A federal district court in New Jersey ruled this week that an employer might have invaded an employee’s common-law privacy rights by coercing a co-worker into giving the employer access to the employee’s Facebook profile.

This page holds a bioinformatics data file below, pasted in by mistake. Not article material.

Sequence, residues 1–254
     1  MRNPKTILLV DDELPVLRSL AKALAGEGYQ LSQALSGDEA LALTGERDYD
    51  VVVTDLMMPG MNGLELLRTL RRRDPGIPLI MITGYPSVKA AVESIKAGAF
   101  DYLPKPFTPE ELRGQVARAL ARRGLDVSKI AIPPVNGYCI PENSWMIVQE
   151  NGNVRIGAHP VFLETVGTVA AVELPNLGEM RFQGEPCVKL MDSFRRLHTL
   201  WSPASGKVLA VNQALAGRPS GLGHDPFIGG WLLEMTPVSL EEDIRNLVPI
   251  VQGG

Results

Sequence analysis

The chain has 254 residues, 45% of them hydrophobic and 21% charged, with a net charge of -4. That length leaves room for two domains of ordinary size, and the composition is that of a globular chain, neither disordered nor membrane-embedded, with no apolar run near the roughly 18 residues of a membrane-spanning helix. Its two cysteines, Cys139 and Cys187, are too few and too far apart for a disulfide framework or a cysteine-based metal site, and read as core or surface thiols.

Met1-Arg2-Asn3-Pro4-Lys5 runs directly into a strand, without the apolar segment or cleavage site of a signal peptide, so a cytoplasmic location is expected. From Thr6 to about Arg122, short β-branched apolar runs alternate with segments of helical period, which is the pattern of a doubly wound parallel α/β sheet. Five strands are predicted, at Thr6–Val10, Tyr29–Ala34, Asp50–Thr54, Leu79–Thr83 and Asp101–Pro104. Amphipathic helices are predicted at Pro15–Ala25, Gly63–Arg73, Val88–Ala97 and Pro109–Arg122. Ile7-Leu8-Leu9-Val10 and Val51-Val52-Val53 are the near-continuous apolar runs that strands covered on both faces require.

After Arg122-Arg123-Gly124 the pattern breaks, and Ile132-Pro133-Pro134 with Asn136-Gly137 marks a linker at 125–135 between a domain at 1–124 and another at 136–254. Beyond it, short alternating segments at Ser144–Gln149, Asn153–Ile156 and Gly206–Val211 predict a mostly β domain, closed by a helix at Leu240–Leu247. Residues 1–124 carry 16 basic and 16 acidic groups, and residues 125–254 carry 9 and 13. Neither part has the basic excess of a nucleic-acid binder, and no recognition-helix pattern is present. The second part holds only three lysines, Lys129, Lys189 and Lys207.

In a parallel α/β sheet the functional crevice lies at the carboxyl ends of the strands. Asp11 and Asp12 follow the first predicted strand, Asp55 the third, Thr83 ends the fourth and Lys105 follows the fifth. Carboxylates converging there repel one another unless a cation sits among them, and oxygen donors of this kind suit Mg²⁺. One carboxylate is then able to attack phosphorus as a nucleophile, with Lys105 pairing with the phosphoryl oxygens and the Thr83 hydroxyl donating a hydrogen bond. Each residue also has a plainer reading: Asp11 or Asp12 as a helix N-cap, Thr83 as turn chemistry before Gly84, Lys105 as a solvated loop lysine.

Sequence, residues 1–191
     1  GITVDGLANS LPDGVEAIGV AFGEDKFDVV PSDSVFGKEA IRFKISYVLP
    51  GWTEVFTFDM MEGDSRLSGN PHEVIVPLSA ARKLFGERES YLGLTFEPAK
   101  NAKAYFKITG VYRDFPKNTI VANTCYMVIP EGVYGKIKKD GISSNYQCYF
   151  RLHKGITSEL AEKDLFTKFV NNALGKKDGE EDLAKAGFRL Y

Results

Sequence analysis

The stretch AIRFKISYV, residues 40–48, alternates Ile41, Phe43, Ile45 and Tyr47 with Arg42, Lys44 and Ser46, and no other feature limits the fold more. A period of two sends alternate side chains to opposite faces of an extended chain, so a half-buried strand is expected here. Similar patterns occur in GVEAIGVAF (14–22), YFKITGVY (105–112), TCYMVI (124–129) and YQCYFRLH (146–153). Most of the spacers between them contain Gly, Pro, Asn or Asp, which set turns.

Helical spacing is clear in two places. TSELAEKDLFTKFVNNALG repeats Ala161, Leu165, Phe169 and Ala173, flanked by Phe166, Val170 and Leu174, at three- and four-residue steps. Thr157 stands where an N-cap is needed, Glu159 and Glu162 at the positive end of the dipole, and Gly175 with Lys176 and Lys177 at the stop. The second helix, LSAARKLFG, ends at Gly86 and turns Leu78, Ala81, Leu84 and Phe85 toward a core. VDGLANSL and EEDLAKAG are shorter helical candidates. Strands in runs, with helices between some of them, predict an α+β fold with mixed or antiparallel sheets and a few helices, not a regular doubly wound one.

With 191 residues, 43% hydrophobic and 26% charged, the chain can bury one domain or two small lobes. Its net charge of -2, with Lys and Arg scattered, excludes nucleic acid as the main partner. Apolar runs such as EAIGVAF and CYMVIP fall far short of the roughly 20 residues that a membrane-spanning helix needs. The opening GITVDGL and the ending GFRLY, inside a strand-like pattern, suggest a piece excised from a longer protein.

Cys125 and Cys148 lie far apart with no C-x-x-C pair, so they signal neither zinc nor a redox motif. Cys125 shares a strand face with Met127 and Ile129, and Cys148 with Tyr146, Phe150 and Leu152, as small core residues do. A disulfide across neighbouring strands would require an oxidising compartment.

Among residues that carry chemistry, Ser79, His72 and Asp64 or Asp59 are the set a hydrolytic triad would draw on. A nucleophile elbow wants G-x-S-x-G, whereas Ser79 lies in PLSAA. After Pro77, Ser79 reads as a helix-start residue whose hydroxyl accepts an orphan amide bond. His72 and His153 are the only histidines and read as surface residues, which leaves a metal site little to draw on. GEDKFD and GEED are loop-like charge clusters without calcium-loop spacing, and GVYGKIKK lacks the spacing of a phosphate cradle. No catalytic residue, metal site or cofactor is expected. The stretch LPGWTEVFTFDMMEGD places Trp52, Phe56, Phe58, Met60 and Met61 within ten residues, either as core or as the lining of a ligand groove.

The plaintiff, a nurse and paramedic employed by a non-profit hospital service corporation, alleges that her supervisor forced a co-worker who was one of the plaintiff’s Facebook friends to log into Facebook in front of the supervisor so the supervisor could see the plaintiff’s postings. The complaint alleges the supervisor viewed and copied several of the plaintiff’s posts, including a comment implying that paramedics should not have saved a man who shot and killed a guard at the United States Holocaust Memorial Museum in Washington, D.C. The complaint alleges that the employer sent letters about the post to state regulators in a “malicious” attempt to damage the plaintiff’s reputation and employment opportunities. The defendants asked the court to dismiss the plaintiff’s common law invasion of privacy claim and her claim under New Jersey’s Wiretapping and Electronic Surveillance Control Act.